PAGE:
Graduating from the University of Texas leaves little room for complaint. The education? Top-notch. Classmates? Inspiring – juggling 6th Street and UT classes is not for the weak. Austin, Texas? Captivating.
But the Class of 2015 is allowed one complaint – what the heck was that, Texas football and basketball?
Most of this year’s seniors were in middle school when Vince Young led Texas to one of the most exciting national championships of all time. That’s an easily-influenced time in a child’s life. That next year they watched Kevin Durant and D.J. Augustin on the court. Then during the 2009 football season, they watched the Colt McCoy era fight to the brink of another championship, only stolen by injury. Guess which class was deciding on colleges around that time.
By the time the class of 2015 got to UT, they were primed for entitlement. But dreams of athletic dominance turned into a four-year roller coaster of sports emotions.
National championship hopes dwindled into pleas for merely Big 12 championships, but neither happened. They were there for two of Texas’ most successful coaches, but only for their downslides. With fresh new coaches, they got stuck with the transition rather than an eventual payoff.
But every program has its slow years. Where pride really suffered was the expectations. Football seasons started out with strong quarterback anticipations and ended with giant question marks. This past year, basketball started the season ranked 10th in the nation, then almost didn’t make the NCAA tournament. Their school, known for its strong tradition, was anything but predictable.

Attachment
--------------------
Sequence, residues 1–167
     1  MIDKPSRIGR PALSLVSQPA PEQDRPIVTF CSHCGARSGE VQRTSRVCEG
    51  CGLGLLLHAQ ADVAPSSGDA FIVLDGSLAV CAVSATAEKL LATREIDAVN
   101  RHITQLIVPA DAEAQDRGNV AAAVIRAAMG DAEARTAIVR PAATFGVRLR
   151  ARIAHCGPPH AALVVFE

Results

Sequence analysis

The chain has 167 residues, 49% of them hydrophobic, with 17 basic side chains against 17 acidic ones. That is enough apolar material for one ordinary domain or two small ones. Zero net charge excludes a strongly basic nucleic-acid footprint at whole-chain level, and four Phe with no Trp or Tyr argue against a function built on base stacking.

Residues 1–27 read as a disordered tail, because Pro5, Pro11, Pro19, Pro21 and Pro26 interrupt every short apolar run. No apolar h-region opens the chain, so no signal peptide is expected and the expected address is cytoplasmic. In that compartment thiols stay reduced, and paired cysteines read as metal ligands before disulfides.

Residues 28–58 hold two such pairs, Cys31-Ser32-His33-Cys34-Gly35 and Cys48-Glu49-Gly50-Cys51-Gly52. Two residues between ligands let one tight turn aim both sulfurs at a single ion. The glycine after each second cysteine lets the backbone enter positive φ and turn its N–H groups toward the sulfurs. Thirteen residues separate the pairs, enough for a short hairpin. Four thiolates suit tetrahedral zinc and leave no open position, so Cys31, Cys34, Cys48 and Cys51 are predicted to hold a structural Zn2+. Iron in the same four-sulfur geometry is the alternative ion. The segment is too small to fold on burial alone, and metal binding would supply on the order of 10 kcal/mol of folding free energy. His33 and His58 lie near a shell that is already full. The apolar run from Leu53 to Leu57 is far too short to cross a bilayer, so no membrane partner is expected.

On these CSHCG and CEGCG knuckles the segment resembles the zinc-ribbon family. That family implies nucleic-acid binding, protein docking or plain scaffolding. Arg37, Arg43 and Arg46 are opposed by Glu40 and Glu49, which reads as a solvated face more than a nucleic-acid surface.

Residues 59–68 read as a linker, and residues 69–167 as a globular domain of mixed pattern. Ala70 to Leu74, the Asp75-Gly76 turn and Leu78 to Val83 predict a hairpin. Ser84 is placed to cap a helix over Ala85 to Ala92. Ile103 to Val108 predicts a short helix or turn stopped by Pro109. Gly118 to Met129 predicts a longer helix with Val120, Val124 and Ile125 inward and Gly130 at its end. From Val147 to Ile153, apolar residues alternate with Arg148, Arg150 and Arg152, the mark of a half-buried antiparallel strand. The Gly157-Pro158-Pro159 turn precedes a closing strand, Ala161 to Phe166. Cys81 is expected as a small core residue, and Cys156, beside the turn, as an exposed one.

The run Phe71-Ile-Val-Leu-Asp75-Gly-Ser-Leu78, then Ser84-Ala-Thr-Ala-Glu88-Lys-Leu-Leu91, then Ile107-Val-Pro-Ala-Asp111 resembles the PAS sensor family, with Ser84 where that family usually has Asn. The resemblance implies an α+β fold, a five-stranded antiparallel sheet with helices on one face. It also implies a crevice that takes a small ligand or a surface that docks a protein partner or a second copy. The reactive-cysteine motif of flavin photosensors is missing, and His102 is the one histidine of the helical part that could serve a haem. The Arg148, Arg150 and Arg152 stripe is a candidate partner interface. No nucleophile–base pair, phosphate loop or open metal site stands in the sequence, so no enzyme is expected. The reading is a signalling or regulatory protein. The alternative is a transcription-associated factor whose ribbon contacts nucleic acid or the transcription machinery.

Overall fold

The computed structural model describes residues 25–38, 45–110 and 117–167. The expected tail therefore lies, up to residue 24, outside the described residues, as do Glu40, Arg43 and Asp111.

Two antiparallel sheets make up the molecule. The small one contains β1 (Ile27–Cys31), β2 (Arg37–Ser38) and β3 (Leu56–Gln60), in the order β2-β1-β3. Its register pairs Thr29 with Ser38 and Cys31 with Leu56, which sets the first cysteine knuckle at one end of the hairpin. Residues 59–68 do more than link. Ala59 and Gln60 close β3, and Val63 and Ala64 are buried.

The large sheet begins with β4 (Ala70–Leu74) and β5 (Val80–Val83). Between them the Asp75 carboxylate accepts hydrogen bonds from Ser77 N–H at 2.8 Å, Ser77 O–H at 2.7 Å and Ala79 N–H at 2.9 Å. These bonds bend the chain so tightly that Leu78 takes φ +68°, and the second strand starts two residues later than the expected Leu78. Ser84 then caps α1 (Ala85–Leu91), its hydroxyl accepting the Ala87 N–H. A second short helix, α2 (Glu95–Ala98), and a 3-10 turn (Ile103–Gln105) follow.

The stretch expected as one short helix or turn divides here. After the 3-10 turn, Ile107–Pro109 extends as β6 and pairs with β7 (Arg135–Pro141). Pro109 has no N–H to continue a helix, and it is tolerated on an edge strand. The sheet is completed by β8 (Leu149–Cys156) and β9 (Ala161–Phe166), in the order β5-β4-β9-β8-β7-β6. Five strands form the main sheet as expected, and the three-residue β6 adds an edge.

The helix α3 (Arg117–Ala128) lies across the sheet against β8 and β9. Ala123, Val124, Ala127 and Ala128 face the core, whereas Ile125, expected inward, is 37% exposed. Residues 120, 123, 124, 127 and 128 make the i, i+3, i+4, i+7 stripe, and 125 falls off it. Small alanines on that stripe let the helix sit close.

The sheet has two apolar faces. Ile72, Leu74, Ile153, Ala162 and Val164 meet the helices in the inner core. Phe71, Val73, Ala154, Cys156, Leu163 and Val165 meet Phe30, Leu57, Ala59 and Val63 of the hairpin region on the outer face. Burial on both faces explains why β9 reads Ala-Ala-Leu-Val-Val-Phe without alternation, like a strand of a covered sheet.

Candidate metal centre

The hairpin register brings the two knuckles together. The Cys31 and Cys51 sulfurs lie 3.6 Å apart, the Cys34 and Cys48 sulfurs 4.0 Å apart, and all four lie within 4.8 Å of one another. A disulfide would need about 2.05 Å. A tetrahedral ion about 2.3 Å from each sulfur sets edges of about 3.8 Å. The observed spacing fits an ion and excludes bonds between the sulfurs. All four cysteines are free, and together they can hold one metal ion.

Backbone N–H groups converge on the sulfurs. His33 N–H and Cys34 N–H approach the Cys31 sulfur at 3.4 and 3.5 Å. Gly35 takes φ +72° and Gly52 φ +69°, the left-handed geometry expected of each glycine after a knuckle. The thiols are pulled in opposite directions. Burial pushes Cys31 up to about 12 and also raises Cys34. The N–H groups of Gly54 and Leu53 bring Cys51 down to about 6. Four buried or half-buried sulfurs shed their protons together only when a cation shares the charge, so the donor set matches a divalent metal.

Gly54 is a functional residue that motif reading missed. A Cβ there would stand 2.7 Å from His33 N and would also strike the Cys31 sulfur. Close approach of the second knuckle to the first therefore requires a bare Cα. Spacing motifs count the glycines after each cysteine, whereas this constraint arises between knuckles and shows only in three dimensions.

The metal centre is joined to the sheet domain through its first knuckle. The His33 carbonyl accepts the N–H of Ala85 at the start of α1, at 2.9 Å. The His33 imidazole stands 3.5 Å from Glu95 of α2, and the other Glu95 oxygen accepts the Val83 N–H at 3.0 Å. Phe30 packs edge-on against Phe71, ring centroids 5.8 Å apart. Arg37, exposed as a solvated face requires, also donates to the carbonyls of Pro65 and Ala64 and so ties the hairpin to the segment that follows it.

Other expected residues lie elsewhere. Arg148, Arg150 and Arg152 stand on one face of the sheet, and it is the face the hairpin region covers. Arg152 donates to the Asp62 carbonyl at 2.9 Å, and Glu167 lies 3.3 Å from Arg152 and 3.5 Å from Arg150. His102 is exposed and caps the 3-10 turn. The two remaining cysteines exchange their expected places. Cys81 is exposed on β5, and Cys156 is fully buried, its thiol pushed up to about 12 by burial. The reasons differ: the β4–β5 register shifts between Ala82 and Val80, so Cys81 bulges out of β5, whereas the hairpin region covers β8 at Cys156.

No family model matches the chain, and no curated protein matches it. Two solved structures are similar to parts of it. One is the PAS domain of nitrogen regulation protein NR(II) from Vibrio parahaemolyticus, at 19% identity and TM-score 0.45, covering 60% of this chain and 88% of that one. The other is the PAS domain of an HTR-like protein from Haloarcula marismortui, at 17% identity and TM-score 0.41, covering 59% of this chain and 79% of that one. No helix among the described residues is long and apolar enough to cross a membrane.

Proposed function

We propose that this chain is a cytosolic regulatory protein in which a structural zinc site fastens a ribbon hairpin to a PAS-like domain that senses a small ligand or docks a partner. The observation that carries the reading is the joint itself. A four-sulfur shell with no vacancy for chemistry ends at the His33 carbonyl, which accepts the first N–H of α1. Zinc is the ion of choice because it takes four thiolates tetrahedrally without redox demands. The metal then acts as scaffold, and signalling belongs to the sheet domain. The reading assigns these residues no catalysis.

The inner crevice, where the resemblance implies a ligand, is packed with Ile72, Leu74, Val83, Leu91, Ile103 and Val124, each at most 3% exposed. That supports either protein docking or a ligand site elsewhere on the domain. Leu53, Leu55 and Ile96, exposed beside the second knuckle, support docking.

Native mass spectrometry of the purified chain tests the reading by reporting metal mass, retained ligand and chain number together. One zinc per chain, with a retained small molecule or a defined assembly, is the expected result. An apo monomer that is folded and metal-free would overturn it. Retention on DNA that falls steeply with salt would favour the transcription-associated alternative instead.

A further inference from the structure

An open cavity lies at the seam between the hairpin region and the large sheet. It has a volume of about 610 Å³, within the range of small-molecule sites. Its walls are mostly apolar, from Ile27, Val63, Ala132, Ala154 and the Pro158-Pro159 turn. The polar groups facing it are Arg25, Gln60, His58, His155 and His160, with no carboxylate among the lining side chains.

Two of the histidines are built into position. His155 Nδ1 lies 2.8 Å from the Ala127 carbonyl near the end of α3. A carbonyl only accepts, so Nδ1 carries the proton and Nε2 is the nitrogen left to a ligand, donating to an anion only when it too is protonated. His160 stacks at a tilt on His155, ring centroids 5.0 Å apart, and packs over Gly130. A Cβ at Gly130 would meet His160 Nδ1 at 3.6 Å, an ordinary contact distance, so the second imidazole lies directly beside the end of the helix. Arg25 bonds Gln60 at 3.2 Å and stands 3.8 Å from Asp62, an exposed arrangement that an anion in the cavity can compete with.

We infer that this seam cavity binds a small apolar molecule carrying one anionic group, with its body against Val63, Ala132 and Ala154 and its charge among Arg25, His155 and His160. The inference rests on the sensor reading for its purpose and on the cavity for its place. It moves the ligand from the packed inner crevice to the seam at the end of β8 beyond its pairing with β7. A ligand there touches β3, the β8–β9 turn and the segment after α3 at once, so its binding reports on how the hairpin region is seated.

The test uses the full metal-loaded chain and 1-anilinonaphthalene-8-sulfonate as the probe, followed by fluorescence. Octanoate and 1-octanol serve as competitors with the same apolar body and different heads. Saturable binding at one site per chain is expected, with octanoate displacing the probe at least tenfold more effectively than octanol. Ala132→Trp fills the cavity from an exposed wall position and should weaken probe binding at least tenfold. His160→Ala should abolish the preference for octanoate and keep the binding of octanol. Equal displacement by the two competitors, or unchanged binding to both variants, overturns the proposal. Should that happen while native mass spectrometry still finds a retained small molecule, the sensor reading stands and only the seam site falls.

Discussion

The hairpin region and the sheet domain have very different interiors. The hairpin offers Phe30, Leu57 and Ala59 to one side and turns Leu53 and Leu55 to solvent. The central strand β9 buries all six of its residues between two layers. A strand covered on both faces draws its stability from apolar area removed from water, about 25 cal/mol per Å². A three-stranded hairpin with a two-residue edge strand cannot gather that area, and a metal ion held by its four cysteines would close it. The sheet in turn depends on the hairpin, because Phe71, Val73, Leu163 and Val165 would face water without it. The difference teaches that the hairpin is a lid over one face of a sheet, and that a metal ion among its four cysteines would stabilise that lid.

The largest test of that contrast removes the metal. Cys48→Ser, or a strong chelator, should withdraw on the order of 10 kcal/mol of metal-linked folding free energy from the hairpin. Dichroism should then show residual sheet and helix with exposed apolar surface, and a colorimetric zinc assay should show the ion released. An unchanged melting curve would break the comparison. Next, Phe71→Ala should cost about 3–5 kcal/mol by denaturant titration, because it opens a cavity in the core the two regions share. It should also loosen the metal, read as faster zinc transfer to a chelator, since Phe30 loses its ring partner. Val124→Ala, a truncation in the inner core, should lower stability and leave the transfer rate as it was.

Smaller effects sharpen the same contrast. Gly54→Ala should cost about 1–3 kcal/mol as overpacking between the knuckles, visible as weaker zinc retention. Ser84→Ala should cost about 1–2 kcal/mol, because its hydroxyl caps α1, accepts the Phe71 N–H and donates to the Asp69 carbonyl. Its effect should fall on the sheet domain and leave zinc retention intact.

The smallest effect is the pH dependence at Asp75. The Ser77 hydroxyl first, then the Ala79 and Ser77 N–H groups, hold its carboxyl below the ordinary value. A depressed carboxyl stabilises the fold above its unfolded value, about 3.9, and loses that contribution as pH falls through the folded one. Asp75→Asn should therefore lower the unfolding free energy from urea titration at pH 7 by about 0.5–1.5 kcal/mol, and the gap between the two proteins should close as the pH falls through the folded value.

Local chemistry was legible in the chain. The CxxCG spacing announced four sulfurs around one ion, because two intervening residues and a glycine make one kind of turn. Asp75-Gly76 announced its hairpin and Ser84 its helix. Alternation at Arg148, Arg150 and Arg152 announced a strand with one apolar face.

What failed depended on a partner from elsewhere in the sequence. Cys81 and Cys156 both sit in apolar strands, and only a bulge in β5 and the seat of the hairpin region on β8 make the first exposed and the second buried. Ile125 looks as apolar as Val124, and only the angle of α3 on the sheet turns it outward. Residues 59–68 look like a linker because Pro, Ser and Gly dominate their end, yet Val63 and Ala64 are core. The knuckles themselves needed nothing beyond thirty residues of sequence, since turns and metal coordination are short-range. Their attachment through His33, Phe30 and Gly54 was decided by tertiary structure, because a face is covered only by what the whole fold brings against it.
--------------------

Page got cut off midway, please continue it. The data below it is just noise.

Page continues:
However, graduation is about focusing on the positive. No one needs to mention that time they slept in a dorm lounge sophomore year. It’s about highlighting the proud moments, which Texas sports have provided many of.
Texas volleyball, swimming and diving, and golf all put the school on their back, winning Big 12 championships and bringing home national titles. The football team brought back the pride of beating Oklahoma (one out of four years, but who’s counting). And of course, this class gets to always hold on to the perfect Texas ending to the A&M rivalry. We’re looking at you, Justin Tucker.
While the Class of 2015 might have experienced four not-so-great seasons of football and basketball, it comes with the territory. When a program demands excellence, it’s easy to fall victim to its own success. What looks like a college experience plagued by circumstance, could soon be seen as the critical turning point in a climb back to the top.
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